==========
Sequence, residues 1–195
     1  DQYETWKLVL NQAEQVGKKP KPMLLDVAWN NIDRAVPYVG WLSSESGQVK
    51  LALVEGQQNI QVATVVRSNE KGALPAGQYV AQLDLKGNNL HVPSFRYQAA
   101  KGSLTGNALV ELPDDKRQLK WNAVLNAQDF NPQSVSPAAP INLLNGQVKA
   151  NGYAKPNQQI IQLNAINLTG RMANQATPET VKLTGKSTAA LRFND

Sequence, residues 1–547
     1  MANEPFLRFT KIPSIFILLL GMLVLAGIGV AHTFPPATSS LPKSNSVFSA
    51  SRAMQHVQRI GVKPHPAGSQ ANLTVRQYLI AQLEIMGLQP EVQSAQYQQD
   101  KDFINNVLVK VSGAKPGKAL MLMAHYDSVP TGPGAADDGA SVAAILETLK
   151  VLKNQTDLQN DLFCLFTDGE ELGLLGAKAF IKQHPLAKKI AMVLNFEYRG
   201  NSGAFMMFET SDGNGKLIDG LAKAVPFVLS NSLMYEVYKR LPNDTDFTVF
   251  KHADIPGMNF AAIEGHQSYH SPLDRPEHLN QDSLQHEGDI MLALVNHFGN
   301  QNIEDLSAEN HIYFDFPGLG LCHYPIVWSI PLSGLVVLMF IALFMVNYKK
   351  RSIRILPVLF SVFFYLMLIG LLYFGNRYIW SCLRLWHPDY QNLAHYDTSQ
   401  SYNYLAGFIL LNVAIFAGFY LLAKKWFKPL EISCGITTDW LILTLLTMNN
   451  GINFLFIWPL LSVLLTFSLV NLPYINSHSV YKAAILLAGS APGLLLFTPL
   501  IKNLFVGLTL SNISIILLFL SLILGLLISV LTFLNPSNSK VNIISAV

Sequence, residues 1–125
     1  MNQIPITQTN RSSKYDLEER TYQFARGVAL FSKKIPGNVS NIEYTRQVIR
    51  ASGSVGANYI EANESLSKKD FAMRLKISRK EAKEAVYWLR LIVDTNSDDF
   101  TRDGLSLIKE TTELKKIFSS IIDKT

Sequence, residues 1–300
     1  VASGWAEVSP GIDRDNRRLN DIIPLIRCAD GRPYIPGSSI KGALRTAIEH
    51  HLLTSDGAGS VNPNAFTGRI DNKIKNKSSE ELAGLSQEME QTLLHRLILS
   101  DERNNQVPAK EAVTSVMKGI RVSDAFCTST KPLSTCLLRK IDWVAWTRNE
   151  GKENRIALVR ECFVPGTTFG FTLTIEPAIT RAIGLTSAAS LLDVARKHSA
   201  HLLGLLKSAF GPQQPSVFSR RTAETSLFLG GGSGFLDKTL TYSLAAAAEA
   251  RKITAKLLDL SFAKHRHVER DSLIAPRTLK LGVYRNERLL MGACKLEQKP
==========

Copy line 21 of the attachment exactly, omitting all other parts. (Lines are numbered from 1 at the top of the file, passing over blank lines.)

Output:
   101  TRDGLSLIKE TTELKKIFSS IIDKT